Quarterly Statement by the Council of Financial Regulators – October 2023

The Council of Financial Regulators (CoFR) held its quarterly meeting on Thursday 5 October 2023. The meeting was chaired by Reserve Bank of New Zealand Governor Adrian Orr. The Council discussed the current regulatory approach to protecting New Zealanders from financial scams, the regulatory approach to the credit unions and building societies sector, the Council’s coordinated approach to improving financial inclusion, and how the Council could better achieve and measure success in terms of its legislative mandate and the principles of good regulatory stewardship.

The Council discussed how the responsibility for protecting New Zealanders from financial frauds and scams was shared by a number of the Council’s members as well as parts of government outside the Council, and by the financial services sector itself. They noted the recent announcement by the New Zealand Banking Association, on behalf of the retail banking industry, setting out a series of initiatives to fight fraud and scams, and looked forward to seeing reports of progress in the coming months. The FMA’s Chief Executive Samantha Barrass outlined new steps the FMA is taking to strengthen its approach in this area within current regulatory settings.

CoFR discussed trends and developments in the credit unions and building societies sector. They considered the role these entities play in providing choice, diversity and competition in the deposit taking sector and noted that further insights in this regard may come as part of the Commerce Commission’s market study into personal banking services. The Council also discussed the likely impact on these entities of upcoming regulatory change and the importance of ensuring that regulatory settings were proportionate to the risks such entities present.

CoFR considered recent progress made in relation to financial inclusion - one of the Council’s five priority themes. Particularly they noted and adopted a clear definition of financial inclusion (based on the World Bank model): that individuals and businesses have access to useful and affordable financial products and services that meet their needs – transactions, payments, savings, credit and insurance – delivered in a responsible and sustainable way. They discussed how the roles and responsibilities of each CoFR agency, and other government entities, affected financial inclusion and plans to coordinate and cooperate on activities that might improve the outcomes for New Zealanders in this regard. Further details on CoFR’s overall approach would be published in due course.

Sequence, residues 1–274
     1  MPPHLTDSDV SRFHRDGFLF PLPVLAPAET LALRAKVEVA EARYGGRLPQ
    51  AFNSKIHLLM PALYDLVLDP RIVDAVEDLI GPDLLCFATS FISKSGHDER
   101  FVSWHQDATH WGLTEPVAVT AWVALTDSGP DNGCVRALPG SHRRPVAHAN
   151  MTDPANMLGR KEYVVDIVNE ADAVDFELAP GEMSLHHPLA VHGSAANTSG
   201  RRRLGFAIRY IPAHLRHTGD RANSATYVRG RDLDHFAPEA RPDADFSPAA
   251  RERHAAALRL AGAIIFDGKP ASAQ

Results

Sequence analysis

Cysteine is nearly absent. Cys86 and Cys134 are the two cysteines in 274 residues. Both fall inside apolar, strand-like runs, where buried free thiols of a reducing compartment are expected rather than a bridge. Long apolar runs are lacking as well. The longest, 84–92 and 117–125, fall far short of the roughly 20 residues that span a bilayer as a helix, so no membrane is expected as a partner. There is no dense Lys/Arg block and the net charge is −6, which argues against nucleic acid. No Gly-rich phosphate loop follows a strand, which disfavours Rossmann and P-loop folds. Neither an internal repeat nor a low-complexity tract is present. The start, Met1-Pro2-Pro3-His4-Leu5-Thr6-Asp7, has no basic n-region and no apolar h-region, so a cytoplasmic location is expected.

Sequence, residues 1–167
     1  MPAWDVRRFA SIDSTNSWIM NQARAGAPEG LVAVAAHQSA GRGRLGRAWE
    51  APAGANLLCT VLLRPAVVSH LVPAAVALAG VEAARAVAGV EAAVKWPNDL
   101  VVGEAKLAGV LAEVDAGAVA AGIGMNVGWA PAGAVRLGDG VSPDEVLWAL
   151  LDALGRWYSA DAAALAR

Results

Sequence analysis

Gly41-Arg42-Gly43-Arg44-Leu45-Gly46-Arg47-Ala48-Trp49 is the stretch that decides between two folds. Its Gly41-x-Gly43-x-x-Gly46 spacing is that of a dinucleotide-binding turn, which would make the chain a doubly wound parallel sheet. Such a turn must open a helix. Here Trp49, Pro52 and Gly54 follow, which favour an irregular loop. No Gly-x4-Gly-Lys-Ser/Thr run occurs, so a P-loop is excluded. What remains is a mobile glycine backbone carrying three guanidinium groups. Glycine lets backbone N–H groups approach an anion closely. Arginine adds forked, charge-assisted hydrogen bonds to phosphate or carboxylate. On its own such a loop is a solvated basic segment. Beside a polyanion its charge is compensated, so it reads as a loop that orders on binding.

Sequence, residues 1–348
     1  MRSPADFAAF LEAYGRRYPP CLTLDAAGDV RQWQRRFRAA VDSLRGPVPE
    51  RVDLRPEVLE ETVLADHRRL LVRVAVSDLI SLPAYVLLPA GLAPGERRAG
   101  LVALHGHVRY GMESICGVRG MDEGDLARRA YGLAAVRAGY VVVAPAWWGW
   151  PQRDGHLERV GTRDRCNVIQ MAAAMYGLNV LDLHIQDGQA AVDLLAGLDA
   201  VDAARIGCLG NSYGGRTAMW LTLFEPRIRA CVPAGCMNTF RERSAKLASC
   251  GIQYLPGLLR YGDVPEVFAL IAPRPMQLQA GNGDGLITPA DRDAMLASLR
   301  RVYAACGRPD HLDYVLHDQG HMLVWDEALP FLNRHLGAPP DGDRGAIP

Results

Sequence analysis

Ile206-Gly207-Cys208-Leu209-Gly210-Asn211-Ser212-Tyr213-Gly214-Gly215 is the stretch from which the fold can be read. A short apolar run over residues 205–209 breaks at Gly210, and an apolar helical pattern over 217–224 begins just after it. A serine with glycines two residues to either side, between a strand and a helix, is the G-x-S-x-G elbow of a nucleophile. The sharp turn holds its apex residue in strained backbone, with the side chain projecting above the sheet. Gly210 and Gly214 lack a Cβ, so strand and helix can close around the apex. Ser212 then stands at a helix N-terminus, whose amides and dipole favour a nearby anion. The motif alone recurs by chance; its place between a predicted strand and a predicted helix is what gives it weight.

CoFR also considered how it could better achieve and measure success in terms of its legislative mandate and the principles of good regulatory stewardship. They endorsed four factors seen as critical to succeeding in the Council’s function to facilitate cooperation and coordination between members to support effective and responsive regulation of the financial system in New Zealand. These four success factors are: operational clarity, long-term system leadership, effective collaboration, and successful external engagement. The Council agreed a work plan to measure and improve performance along each of the four dimensions. They also discussed how the quarterly Regulatory Initiatives Calendar might be further improved to capture a wider array of planned policy reviews.